The Consumerization of IT
Cisco's Fowler discusses the impact it is having on organizations.
January 1, 2011
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The consumerization of IT has become a massive challenge for large organizations as they struggle with how best to handle a virtual influx of wireless devices, says Ross Fowler, vice president of Cisco System Inc.’s Borderless Network Architecture.
Fowler made the comment in an interview with CNS following a recent customer roundtable in Toronto in which executives were provided with eight critical questions to consider such as can mobile devices access my network securely, reliably and seamlessly? Can my network deliver real-time collaboration experiences? Can my network deliver protection from the premises to the cloud? Am I using my network to reduce my energy costs? Is my network ready for current and future regulatory requirements? Where am I now? Where do I start?
“The message I got is that our strategy is consistent with what the challenges are,” said Fowler.
“If I go in and talk about the latest router and switch their eyes glaze over. If I can talk about how their network can deliver real time collaboration experience when the majority of the traffic in the future is going to be video and they know it’s coming, that’s when they start to get interested.”
Wikipedia defines the consumerization of IT as a trend in which new information technology emerges first in the consumer market and then spreads into business organizations.
Fowler said IT executives can no longer tell employees they cannot connect to the network with a wireless device: “The question is how do I allow it to connect to the network and maintain the security and posture of my organization?”
Cisco’s Borderless Network initiative, which was launched in late 2009, was designed to allow IT managers to “more easily manage, scale, govern and protect networks, while tightening the synergy between users, devices, applications and business processes.”
At the time of the launch, Marie Hattar, Cisco’s vice president of network systems, said this new model demands a different approach to building business networks.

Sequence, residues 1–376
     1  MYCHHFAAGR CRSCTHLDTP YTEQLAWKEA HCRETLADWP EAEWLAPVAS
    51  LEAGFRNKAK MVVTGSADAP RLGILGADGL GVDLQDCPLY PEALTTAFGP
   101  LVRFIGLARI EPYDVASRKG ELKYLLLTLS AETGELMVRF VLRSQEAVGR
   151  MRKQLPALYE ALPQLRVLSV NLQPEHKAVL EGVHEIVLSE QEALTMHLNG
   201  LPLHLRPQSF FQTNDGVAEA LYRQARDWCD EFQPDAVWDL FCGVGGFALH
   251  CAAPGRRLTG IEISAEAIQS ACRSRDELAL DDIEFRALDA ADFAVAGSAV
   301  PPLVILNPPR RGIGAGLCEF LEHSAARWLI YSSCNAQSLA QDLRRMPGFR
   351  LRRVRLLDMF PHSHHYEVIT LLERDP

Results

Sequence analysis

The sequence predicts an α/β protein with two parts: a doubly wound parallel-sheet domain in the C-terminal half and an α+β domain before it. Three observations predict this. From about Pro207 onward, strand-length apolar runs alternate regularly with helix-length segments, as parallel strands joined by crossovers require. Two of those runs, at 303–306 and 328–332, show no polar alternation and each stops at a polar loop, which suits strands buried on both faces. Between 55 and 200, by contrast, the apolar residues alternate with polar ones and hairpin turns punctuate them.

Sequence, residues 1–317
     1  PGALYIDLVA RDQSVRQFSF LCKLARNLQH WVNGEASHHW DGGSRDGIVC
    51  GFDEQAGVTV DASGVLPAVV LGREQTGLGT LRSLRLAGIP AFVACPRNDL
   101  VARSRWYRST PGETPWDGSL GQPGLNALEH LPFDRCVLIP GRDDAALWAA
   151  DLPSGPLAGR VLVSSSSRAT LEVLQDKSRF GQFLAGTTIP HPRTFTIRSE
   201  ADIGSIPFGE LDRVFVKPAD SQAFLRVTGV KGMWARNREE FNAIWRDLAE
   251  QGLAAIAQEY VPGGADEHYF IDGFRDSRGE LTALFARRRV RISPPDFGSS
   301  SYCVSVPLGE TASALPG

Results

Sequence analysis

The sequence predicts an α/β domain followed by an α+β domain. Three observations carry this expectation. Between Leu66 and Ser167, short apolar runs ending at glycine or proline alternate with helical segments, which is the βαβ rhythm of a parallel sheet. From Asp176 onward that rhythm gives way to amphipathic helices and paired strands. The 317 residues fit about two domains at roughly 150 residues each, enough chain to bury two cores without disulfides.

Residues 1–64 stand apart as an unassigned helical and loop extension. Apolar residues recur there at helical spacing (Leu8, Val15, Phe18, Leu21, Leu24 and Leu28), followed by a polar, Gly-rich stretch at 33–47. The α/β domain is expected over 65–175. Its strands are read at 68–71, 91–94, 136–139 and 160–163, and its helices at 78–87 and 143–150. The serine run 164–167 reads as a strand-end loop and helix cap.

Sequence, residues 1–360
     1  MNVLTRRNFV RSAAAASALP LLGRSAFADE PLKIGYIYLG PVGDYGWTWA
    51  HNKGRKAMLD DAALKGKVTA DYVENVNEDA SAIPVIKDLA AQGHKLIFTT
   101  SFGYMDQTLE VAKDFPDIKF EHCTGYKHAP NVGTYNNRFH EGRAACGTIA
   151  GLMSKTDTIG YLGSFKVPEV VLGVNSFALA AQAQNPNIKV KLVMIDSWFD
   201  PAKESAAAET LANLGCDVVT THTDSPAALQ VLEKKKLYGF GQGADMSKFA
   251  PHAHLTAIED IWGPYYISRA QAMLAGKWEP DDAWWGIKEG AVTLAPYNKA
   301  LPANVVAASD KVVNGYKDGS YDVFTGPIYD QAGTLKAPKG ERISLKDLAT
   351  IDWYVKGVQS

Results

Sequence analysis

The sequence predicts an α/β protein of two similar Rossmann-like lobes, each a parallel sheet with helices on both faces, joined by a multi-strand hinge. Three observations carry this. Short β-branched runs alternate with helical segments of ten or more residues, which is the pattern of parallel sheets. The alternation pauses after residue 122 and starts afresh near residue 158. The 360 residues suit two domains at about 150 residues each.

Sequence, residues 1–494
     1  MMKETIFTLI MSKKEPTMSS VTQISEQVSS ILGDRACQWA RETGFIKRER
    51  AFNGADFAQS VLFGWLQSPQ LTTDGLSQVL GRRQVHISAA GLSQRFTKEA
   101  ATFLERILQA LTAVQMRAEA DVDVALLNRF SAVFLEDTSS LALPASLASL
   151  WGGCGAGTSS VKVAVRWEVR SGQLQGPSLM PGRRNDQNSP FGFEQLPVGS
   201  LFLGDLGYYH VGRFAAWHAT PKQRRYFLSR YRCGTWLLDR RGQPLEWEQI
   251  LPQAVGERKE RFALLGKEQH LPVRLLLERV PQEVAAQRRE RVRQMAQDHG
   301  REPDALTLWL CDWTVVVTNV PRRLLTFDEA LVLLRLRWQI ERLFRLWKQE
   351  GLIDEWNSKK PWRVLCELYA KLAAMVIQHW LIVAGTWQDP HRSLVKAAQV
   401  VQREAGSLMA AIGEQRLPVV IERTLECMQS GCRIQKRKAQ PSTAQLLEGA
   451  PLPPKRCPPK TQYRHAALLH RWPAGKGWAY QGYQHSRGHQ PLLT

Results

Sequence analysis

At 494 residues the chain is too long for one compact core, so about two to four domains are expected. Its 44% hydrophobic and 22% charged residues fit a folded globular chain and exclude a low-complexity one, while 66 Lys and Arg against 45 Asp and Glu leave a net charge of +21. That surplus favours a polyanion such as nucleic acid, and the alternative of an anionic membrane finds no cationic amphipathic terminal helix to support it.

Components of the architecture include:
– CleanAir, which mitigates RF interference on a wireless LAN and protects performance
– Cisco EnergyWise, which allows for the measuring, monitoring and controlling of energy usage on IT and non-IT devices from the network
– MediaNet for enterprise, which delivers accurate multicast video from wired to wireless networks; and
– Cisco TrustSec, which helps secure access to networks and networked resources through policy-based access control, identity-aware networking, and data integrity and confidentiality services.
“TrustSec provides the ability to integrate network and policy management in order to manage what information a person has access to on the network depending on where they are, what privileges they have and what device they are accessing it to,” said Fowler.
“For example, you might be in a corporate network and it is acceptable to have access to sensitive information, but as soon as you move out into the public arena and want to access that information from a Blackberry or IPad, you will not have access. It is going beyond a firewall and looking at the posture, the device, your privileges and the location to make those sorts of intelligent decisions.”
The good news for both network equipment and structured cabling vendors is that power requirements are on the rise, he added, the result of desktop virtualization, which allows an IT department to host and manage an individual’s PC from a data centre.
According to Cisco, users can access their server-hosted virtual desktops, including their applications and files, from anywhere there is connectivity and from a broad range of end user devices using one of several remote display protocols.
“The power to support those devices is going to come from the network,” he said. “As an example, we are seeing a demand for Power Over Ethernet Plus up to 60 watts per switch port to support desktop virtualization.”